"I don't think we would still be a band if we didn't love each other," says Laurel Lane, one-half of Nashville's own Fort Defiance, back here in town for a house show on April 5. She and husband Jordan Eastman formed the group in 2014, and they've played nearly 600 shows since then.
"We both really insisted that we not date prior to starting Fort Defiance," adds Eastman, "and we did get to know each other pretty well beforehand, but there's a whole different side of things that comes out when you're together 24 hours a day, in 30 square feet of van space for months on end. You quickly learn all the things you love and hate about a person, and gain a vast understanding of what they need to do to maintain on a daily basis." The closeness comes through in the music; their sound is like honey rolling down a playground slide in the summer. It's a warm, smooth, even flow; everything fuses quite naturally, nothing is forced-that's the result of hard work and thousands of miles on the road.
"The first year of being on the road was extremely difficult," says Lane, "and we probably squished in the same amount of arguments in the first six months than most couples have in their first 10 years. Now we're great, and worked through so much to make things enjoyable. Even though Jordan jokes that marriage has made his songs about bitter and depressing stuff, they've actually always been that way."
The house show is hosted by trumpeter Dennis Negrin, best known for his work with Crescendo Amelia Big Band. Fort Defiance caught his eye (and ear) at their Blue Jay Listening Room performance Feb. 9. Like anyone who sees them live, he was immediately taken in. That night, he offered to set up another gig for them. Local audiences embraced the duo right away, having a solid grounding in that style through home-grown practitioners; the feeling was wholly reciprocal. For Eastman, born in Titusville, "any chance to come back to Florida is nostalgic. We've also never really focused on North Florida until the last six months, so it's been nice to keep coming back and watch things grow. We've always tended to go further south in the past."
Eastman and Lane are on the road in support of their second album, 2017's The Haunts of Youth. A title track video was recorded in the trusty van that's already carried them from coast to coast at least twice, and will again this year. Though they're only two musicians, they make a big sound-a lot of which comes down to their choice of equipment.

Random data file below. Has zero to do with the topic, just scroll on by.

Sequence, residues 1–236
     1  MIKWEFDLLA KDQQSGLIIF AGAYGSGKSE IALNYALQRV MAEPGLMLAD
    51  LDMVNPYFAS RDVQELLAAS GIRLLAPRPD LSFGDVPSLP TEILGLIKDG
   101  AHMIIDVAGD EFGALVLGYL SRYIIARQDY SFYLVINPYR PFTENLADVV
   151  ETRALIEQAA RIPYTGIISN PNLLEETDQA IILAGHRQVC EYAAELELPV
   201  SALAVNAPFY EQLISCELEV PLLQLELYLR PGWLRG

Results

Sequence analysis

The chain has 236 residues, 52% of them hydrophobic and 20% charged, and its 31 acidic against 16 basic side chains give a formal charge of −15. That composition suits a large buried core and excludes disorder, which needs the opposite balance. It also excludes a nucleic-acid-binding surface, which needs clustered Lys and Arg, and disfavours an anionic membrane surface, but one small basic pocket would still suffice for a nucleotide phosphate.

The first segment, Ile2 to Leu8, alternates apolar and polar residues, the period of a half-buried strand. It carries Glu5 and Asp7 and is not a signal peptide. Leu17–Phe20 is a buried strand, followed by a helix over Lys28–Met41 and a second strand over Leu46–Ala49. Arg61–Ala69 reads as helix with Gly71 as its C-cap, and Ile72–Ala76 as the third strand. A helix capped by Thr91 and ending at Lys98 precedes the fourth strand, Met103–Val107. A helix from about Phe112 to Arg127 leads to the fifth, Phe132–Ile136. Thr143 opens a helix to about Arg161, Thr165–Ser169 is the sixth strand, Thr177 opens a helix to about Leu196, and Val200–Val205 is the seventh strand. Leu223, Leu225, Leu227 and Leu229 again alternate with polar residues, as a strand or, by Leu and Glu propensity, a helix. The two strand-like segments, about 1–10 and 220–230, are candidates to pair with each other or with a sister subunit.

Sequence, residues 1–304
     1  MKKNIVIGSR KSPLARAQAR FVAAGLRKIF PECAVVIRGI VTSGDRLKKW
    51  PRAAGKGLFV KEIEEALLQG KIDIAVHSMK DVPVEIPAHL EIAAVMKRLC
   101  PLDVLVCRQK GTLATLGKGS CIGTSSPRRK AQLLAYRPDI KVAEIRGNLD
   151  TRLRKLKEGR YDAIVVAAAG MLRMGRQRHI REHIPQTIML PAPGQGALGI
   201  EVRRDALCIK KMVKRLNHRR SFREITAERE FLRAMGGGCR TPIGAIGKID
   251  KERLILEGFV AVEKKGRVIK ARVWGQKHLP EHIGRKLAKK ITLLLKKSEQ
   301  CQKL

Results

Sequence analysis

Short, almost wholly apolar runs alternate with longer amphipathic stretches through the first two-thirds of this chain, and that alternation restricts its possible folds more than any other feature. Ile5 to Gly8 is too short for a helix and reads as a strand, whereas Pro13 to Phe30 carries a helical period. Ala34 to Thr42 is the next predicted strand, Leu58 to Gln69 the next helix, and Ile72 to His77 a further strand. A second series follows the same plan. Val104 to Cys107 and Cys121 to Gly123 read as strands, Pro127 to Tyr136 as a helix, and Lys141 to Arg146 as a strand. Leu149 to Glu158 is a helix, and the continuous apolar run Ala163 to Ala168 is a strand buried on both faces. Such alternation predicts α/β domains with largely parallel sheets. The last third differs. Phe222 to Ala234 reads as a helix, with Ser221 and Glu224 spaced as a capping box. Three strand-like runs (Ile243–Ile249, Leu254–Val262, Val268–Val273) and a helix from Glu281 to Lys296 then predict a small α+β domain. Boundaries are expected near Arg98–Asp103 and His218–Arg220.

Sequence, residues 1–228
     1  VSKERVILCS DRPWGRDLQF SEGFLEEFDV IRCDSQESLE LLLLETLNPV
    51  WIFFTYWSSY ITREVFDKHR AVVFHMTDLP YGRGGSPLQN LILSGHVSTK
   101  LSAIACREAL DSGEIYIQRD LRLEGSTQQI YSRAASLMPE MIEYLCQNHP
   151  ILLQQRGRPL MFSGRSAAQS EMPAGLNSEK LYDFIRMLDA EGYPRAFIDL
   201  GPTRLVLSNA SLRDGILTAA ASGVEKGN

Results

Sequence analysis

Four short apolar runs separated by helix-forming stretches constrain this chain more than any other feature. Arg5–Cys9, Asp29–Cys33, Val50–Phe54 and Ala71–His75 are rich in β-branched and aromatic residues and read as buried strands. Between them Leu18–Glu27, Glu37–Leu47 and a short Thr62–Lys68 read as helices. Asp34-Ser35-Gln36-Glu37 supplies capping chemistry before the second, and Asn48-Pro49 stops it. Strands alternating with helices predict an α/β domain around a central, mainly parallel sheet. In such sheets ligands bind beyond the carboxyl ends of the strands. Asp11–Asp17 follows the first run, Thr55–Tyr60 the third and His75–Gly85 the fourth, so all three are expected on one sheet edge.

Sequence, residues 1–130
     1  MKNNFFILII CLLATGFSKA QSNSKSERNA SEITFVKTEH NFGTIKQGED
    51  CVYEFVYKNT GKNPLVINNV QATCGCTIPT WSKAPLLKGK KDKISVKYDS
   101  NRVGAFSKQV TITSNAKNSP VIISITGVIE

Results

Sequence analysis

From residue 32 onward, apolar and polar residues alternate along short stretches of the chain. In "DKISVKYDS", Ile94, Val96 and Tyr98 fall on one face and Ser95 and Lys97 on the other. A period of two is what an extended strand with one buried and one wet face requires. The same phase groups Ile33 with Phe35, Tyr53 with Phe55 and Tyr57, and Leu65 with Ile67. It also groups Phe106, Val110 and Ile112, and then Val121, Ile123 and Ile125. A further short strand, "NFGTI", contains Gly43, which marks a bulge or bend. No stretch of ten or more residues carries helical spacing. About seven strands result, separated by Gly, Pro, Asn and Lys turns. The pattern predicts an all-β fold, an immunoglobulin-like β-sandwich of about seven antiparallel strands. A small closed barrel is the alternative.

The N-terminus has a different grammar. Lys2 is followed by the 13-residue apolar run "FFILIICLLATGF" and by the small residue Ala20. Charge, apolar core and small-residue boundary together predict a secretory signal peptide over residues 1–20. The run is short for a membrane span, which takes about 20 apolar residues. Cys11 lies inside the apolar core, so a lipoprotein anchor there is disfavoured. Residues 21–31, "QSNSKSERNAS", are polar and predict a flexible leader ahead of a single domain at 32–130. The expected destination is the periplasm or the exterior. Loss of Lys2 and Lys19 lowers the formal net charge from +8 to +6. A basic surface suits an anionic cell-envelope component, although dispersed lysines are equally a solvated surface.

"I play a Martin 000-15 and a custom 12-fret, Martin 00-15 that has an extra-deep body," says Eastman. "I push them through an ABY box that's clean on one side and goes to a 1961 Supro 1616T on the other. ... I play Hohner Pro Harp harmonicas, an LP Vibra-Slap and tambourine, and stomp box, which is just a wooden box with a microphone inside." Lane adds, "I play a Recording King open-back banjo, a Luna Guitar ukulele, a tiny, pink, toy piano, and a jangly box we built the day we started the band-a fruit crate with chains and railroad spikes dangling in it. I also stand on a stomp box, but it's not mic'd like Jordan's is."
"We've played shows to a packed sea of people with little reaction," says Eastman, "and others, to 10 or 15, where everyone there knows every word, buys our merchandise and begs us to come back. ... People want to feel something and we have the opportunity to be a catalyst for that, so it's been great to witness street corners, venues, theaters and festivals all give us the same chance." Their smallest gig was in Charlotte. "That one only had four people there," says Eastman, "two of whom were Laurel's parents. It was the venue's last night open before going out of business, and they'd already taken down signs, blacked out windows and turned off the phone and website. Everyone in town assumed they were closed, but they still had us play for some reason." He pauses, then amends himself: "I guess there were actually five people there-their lawyer was signing paperwork in the back for a few minutes."
Regardless of crowd count, Fort Defiance attacks each show with equal intensity, and each mile down the road brings them closer to each other. "I do think that we're at a point now musically where we know what the other will do, and is capable of," says Eastman, "so our songs have started to fall into that mold. There are a lot of songs we do now that we never could have pulled off two years ago. ... I feel like we're finally at a place where we're comfortable enough to write things that are intended for us as a unit, rather than for one of us with the other accompanying." Their vocal harmonies, however potent, pale in comparison to the harmony they've crafted in their lives, and that is really the true art form.
Fort Defiance House Show
April 5, RSVP for address firstname.lastname@example.org, $10